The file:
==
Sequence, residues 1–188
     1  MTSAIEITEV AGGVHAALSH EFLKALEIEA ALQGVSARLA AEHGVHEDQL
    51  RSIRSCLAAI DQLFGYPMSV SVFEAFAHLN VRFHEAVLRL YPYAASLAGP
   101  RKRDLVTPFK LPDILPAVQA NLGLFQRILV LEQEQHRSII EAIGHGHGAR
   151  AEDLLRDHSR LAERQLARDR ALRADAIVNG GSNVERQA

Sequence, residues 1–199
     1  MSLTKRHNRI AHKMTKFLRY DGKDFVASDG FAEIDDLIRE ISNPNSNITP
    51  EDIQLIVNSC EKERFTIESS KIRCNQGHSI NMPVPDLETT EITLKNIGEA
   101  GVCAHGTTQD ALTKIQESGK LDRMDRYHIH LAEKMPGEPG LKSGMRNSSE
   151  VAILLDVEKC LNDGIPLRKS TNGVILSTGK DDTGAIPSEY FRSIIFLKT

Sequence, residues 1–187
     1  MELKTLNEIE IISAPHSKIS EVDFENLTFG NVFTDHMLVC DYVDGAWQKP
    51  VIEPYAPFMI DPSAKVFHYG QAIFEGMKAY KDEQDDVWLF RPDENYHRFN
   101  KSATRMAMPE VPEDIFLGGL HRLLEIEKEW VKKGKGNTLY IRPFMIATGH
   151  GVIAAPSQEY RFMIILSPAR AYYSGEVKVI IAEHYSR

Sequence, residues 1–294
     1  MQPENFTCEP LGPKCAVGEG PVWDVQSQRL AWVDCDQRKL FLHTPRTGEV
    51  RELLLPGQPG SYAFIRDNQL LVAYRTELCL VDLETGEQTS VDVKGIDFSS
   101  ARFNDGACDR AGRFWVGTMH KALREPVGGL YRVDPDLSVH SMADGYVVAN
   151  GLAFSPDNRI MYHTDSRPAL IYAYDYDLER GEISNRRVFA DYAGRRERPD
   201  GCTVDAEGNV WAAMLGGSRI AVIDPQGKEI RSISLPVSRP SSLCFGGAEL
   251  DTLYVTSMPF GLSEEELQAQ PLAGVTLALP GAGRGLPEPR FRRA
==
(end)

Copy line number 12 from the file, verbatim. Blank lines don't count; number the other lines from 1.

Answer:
     1  MELKTLNEIE IISAPHSKIS EVDFENLTFG NVFTDHMLVC DYVDGAWQKP